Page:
Elizabeth Cooper Injured by Alleged DWI Driver on I-35 in Johnson County, TX
Johnson County, TX -- December 11, 2021, 50-year-old Elizabeth Cooper was seriously injured in a traffic collision on Interstate 35 in Johnson County.
Authorities say the incident happened around 7:35 p.m. on I-35 near mile marker 19. Preliminary investigation suggests 42-year-old Steven Heflin was driving a Chevrolet Malibu south on the interstate in the right line; according to witnesses the car was traveling at high speeds. Nearby, 53-year-old Rodney Cooper was driving a Kia Telluride SUV south in the left lane of the roadway.
Reports indicate that Heflin tried to pass traffic in the right lane and then merged left when unsafe, at which point the Chevy's left side crashed into the right side of the Kia. The impact caused the Kia to veer left into the median where it overturned and rolled multiple times. It came to rest upside-down in the median. The Chevy continued onward about a quarter-mile before it stopped due to disabling wheel damage. Heflin and his passengers then fled on foot but were located a short time later.
Elizabeth Cooper, a passenger in the Kia, suffered serious injuries in the crash. Rodney Cooper and Steven Helfin reportedly received possible injuries. Two passengers in the Chevy were unhurt.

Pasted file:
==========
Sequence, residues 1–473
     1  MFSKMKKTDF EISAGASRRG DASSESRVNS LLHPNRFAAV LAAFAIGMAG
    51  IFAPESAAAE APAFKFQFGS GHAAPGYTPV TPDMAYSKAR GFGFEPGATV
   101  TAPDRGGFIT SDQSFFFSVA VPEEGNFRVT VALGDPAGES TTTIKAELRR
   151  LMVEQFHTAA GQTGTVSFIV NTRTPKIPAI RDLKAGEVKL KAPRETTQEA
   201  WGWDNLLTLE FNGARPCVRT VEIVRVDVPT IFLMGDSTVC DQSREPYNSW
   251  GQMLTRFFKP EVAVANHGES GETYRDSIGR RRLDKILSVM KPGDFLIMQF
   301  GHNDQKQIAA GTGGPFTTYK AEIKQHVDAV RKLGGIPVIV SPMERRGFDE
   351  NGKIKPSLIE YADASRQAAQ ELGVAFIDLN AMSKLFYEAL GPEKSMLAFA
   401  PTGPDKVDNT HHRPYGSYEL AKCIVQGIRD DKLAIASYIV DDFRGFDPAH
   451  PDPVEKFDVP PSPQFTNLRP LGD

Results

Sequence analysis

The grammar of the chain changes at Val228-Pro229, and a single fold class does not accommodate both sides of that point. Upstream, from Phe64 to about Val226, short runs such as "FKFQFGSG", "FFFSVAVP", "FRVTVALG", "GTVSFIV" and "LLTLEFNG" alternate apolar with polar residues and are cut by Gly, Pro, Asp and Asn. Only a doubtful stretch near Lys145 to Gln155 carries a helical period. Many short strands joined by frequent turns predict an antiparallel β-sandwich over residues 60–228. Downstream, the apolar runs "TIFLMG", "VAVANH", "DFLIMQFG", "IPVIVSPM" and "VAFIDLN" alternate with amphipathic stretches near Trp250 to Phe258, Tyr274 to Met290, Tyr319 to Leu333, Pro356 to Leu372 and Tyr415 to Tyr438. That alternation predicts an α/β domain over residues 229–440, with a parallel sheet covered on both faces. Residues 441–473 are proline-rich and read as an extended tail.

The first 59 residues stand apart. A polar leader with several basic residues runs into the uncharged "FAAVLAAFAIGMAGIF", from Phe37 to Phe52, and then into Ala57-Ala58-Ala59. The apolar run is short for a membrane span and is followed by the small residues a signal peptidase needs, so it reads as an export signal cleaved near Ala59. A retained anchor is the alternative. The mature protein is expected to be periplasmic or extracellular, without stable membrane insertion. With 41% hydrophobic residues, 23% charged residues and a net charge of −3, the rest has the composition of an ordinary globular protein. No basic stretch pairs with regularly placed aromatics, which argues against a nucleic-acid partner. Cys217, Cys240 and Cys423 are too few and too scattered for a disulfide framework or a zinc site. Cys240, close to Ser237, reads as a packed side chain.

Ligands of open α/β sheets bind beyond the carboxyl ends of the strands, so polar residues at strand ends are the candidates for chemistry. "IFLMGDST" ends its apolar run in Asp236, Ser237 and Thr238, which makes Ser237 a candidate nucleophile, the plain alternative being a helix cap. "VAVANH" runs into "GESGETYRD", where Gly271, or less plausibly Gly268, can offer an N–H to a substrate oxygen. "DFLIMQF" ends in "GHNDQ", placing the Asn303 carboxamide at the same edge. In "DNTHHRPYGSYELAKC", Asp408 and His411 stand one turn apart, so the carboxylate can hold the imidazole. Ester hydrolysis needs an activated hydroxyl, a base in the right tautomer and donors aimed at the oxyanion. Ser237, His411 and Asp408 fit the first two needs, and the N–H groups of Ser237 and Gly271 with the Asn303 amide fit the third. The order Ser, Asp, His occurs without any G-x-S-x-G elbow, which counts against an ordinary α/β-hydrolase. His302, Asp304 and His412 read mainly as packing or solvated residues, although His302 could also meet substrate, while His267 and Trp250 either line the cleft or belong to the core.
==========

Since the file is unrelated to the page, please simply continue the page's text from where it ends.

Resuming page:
Investigators believe Heflin was intoxicated by alcohol at the time of the crash and collected samples for testing.
No further information is available at this time.
Commentary on Elizabeth Cooper Accident on I-35 in Johnson County
Authorities seem to think impairment by alcohol was a factor in this wreck, to the point of flatly stating the suspect was intoxicated. I have no reason to doubt them, though as always I would have to see clear proof before I'm willing to set aside the search for other explanations. However, if intoxication is confirmed by blood tests then there may be other issues that need closer scrutiny as well.
One thing that doesn't always get the attention it deserves is learning where the suspect's alcohol came from. Some may not see how that detail is particularly important, but under Texas dram shop law any business that sold or served an excess of alcohol to the allegedly-intoxicated driver might then be responsible for the damage he caused. In other words a bar, restaurant, club, or store that provided drinks to the at-fault driver--even when they could tell they shouldn't--might then be expected to help anyone injured while he was drunk.
Not every DWI crash involves a dram shop violation, and right now there's no telling if any businesses should be held accountable here. The possibility simply needs proper attention any time alcohol consumption and injury may be connected. Will the authorities make the effort to look into it, or is justice more likely to be served by an independent investigation?